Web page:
With mounting excitement, I took note of no less than five different Openrrach vans earlier this week around the Boston Boulevard/Sunset Boulevard area. There were engineers working on the green cabinets underground ducting. 

This is Very Exciting indeed, and surely heralds our introduction to fibre broadband very soon. The last update I saw on the Connecting Cheshire and Openreach sites indicated that the Westwood exchange was undergoing "evaluation" and that Chapelford would start to have fibre available "from March". 
Fingers crossed.....

Tuesday, 27 August 2013

Review: "Olympus has Fallen"

I watched "Olympus has Fallen" last night, from director Antoine Fuqua and staring, amongst others, Gerard Butler, Aaron Eckhart and Morgan Freeman. Fuqua has also directed, and I didn't realise this until I looked it up this morning, gritty stand-out films as Training Day and Brooklyn's Finest.

The film follows Lead Presidential Detail Secret Service Agent Mike Banning (Butler) as he attempts to save the President, the White House and the rest of the world presumably from North Korean baddies. There's some exposition at the start to setup the back story, and to explain some of the motivations of the characters.

(Mild Spoilers below so take care if you are going to be shocked that Gerard Butler's character kills lots of baddies in it).

I enjoyed it immensely, but also found myself groaning at a number of key places. Things I liked and/or groaned about.

1) Mike Banning is sort of a Super-John McClane but with ninja skills and fewer cool one-liners. I mean, you really really would not call Mike a knob, even if you had a gun/two knives/kung-fu/a giant laser gun. He is totally rock. This made me completely unconcerned for his safety throughout the film, to the point where I knew 30 minutes in that the main baddie (more on him below) was gonna end in a bad place, with Mike saying something like "Yippee-ki-yay, motherfucker". He doesn't, but he should.
2) It's got lots of guns, explosions and people getting shot through the head. And I mean actually shot through the head. A lot. This gets a bit wearisome after a while, but the unfortunate realism of it lead to both of us recoiling over and over throughout the film.
3) The White House has the most ridiculously poor security. Apparently, if you attack it, people will stream out of the front door to protect it. You just fire with a giant gun at these doors, shooting these folks as they stream out, unknowingly into bullets,  and then you can walk in. Easy. Also, it has a single big Anti-Aircraft gun on the top of it (to prevent 9-11 type attacks, I presume), BUT it only has one bullet/Rocket. 
4) (Mild spoilers here) The Americans have something called "Cerberus", which is a fail-safe device installed on all of their nuclear weapons. If these weapons were launched, and they then change their minds and decide NOT to end the world, then Cerberus could be used to "self-destruct" the missile before it hit the target. Hmmm. Not sure why they wouldn't just press the abort button, but ok, I'm going with it. Then, the North Korean baddies realise that if they get the codes for Cerberus they can use it to SELF-DESTRUCT the missiles as they sit in their silos, thus devastating the whole of the US! You can see the "...oh shit we didn't realise you could do THAT!" look on the faces of the Joint Chiefs of Staff when this nefarious motive is revealed. Cerberus is the most stupid invention ever, clearly.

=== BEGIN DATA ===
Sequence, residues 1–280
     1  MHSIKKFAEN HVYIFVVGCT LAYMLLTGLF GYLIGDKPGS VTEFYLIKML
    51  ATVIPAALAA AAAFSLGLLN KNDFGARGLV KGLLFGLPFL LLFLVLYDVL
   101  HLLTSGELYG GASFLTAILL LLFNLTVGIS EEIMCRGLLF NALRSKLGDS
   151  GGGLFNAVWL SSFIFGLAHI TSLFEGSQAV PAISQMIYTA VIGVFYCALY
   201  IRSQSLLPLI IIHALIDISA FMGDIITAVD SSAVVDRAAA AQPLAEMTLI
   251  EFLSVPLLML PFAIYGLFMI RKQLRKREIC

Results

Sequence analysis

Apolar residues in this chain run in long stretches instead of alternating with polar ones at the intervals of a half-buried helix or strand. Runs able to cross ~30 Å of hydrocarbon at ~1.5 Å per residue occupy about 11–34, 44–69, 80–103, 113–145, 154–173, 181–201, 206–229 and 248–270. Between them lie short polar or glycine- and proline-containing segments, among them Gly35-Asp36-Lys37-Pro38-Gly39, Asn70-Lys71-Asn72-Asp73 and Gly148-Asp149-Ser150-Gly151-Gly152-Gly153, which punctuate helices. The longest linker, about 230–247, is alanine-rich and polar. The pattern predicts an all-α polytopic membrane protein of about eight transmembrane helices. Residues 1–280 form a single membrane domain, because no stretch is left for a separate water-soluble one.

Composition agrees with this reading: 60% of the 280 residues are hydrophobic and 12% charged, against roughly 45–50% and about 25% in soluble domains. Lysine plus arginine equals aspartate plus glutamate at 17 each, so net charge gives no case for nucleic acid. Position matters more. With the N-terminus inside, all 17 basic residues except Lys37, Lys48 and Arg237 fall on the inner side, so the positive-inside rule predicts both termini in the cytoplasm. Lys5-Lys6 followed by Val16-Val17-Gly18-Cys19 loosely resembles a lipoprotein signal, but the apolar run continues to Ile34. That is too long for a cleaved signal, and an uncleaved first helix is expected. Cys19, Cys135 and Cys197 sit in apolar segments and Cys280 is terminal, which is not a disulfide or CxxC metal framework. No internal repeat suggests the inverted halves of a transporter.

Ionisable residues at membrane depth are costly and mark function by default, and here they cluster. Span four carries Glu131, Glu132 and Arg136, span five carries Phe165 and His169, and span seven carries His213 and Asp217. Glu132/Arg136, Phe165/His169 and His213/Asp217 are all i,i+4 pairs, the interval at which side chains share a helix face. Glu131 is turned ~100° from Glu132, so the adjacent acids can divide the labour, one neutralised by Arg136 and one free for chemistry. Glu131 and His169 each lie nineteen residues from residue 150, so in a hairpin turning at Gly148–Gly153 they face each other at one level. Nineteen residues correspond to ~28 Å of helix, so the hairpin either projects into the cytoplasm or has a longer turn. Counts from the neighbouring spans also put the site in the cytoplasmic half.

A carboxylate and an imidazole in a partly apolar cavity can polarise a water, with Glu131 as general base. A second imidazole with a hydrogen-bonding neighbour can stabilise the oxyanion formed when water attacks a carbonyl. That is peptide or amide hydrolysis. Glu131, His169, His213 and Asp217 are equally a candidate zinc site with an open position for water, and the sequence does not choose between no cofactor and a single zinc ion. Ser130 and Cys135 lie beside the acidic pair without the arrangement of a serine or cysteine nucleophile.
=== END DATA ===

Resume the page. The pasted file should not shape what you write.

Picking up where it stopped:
5) Continuing with Cerberus, and the buffoons who invented it, to use Cerberus, you need THREE codes. Not one, not two, but three. Then you can activate it. Looking quite smug, one Army chief person calmly reassures everyone that no-one person knows all three of the codes, as only the president, vice president and Secretary for Defence know one code each. Ha ha!!! About 30 seconds after saying this everyone realises that all three of those people are currently being held captive by the baddies. Everyone looks a bit embarrassed.
6) (More spoilers here) So how are the baddies going to get the codes from three of the most important people in the US government? By beating them up a bit. Then the President, who clearly feels absolutely terrible about this, orders them to give up their super-secret codes. He does this because he knows he would rather die than give up his code. He isn't President for nothing, you see. What the President does know is that actually you only need TWO of the codes to launch Cerberus. Not three. Even though it has been designed to need all three codes, you can sort of break in with just two. This is officially RUBBISH and the mostly badly designed Super-Secret system ever.

Groans and odd plot queries to one-side, I really enjoyed the film which is paced like a 100m sprint once it gets going. It has MORGAN FREEMAN BEING PRESIDENTIAL, which generally is a Good Thing. It has Gerard Butler kicking ass in quite a spectacular way. It has a genuinely spooky-scary baddie (with a rather languid backstory/motivation, but who really cares: He is a Baddie). It's got helicopters, the best Super-Gun I've ever seen. It also has a lot of fake blood, which surprisingly looked quite fake.

As an aside, watch out for the hilarious photoshop'd family photos of the President and his family; sort of a "cut out Aaron Eckhart's head from a magazine and stick it onto the body of a man in a family photo" effort.

Overall, I'd completely recommend this film for a no-nonsense action smash night. Try not to think too hard about some of the details and enjoy it.

Score: 3.5 out of 5 

Friday, 23 August 2013

Lazarus (Graphic Novel)


I got a recommendation to try "Lazarus", a new Image comic from Greg Rucka and Michael Lark; thanks to Steve Aryan from Comic Book Outsiders for the push.

In short it's great and after the first two editions, I'm really hungry for more. Amazing artwork and a genuinely interesting world starting to be built, with a plot that seems to have so much room for growth; I'm dying to see where Rucka is going to take this.

I don't read a lot of graphic novels, so for a more thorough review I'd recommend checking out this, which reviews with a lot more authority than I have on the subject.

Score: 4.5 out of 5 so far